The National Highway Traffic Safety Administration says the number of motorcyclists killed in traffic crashes declined by 6.4 percent from 2012 to 2013, and the number injured dropped 5.4 percent.
In 2013, 4,668 motorcyclist fatalities were reported, down 318 from the 4,986 in 2012. Similarly, 88,000 “occupants” were reported to have been injured in motorcycle crashes in 2013, down from 93,000 the year before.
The NHTSA also reported that motor vehicle crash fatalities overall decreased by 3.1 percent in 2013 and injuries declined 2.1 percent.
“While one motorcycle fatality is one too many, we are pleased to see this number decline,” said Rob Dingman, American Motorcyclist Association president and CEO. “It also is good that motorcycle injuries and fatalities are falling at a greater rate than for motor vehicles overall. And we sincerely hope this trend continues.”
One factor in the lower incidence of motorcycle crash fatalities was an 8.3 percent decrease in the number of motorcycle crashes in which the rider was impaired by alcohol, the NHTSA reported.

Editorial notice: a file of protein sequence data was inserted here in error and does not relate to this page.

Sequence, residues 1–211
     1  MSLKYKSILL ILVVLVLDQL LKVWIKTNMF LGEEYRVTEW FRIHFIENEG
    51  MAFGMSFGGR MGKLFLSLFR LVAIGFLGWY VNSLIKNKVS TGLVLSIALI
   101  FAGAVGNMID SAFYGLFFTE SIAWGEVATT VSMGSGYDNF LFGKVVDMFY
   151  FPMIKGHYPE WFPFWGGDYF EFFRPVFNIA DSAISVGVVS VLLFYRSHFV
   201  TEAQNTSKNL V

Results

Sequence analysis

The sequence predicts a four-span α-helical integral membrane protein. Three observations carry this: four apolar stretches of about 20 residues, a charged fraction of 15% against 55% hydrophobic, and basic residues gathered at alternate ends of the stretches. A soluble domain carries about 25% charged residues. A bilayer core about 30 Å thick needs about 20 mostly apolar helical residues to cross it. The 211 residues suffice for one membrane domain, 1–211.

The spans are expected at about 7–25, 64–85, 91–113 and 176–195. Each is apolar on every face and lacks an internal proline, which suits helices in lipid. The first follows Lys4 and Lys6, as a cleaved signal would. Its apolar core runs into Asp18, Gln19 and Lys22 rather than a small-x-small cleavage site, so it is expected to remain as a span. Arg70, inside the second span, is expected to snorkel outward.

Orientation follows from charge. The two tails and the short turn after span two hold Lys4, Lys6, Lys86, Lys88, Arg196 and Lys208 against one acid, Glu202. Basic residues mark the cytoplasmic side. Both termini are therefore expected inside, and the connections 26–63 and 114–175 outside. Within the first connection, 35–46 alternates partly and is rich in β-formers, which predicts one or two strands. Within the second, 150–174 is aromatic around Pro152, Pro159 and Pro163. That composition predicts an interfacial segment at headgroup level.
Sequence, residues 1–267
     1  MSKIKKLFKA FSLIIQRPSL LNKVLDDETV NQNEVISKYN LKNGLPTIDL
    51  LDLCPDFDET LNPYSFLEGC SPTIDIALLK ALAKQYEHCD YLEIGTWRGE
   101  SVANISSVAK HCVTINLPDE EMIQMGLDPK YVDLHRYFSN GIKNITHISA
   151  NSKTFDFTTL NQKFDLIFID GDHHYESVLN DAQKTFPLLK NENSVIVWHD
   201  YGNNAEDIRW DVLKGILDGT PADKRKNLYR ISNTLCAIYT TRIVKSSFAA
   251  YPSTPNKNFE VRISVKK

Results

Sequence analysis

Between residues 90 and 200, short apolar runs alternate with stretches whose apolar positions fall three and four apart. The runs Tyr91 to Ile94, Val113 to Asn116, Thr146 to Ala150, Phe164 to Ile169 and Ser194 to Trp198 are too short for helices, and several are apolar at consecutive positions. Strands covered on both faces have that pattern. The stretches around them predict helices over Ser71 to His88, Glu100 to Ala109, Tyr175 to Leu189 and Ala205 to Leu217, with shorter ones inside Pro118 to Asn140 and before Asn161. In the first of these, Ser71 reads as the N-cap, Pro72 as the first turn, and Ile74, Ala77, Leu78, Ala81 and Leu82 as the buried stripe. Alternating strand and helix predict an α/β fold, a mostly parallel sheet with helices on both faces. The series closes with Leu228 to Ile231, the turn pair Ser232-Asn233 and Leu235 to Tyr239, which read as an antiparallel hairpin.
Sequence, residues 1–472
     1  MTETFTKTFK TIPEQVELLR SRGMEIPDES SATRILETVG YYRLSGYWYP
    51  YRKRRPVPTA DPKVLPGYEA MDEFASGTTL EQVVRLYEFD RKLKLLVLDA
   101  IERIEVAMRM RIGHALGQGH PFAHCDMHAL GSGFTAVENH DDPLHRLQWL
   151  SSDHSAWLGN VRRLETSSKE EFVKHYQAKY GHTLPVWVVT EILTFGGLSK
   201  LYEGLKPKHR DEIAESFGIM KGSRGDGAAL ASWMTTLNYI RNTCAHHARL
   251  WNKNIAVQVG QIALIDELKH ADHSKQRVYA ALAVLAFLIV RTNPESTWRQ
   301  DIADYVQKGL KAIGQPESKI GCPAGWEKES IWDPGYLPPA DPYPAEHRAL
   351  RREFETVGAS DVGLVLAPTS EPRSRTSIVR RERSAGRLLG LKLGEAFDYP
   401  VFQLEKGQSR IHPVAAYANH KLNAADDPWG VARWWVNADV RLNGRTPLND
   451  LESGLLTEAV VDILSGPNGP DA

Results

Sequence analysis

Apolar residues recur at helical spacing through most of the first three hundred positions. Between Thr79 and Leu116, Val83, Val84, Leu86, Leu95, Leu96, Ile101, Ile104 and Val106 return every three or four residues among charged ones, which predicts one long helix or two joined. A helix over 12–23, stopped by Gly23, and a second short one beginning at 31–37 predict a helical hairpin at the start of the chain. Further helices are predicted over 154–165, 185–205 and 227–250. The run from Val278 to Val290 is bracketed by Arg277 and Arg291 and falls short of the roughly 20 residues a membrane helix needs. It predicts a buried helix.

The NHTSA report also noted that there were 190 fewer fatalities in 2013 among motorcyclists aged 50 to 69 years. That decline represented 60 percent of the total decrease in motorcyclist fatalities.
A link to the full NHTSA report can be found online here: http://www-nrd.nhtsa.dot.gov/Pubs/812101.pdf
“Motorcyclist safety is of utmost importance,” Dingman said. “That is why the AMA is participating in the Motorcycle Crash Causation Study underway at Oklahoma State University. We hope that the information from this extensive examination of motorcycle crashes will lead to better strategies for making our roads safer for motorcyclists.”
The Motorcycle Crash Causation Study is the first comprehensive examination since the 1981 Hurt Report on the factors contributing to motorcycle crashes in the United States.
When the project is completed in 2016, it will provide a large and unique data set derived from actual motorcycle crashes and riders with similar risk characteristics, with a focus on the unique circumstances that produce motorcycle crashes.
The Motorcycle Crash Causation Study will provide up-to-date information on the types of dangers modern motorcyclists face. The study is important, because it will provide new insights into which factors affect motorcyclist safety and how.
AMA members contributed money to help pay for the study, and the AMA encouraged states to redirect unused federal funds to the effort. Supporting the study are the Federal Highway Administration, the National Highway Traffic Safety Administration and the states of Iowa, New Mexico, New York, Ohio, Oklahoma, Texas and Wisconsin.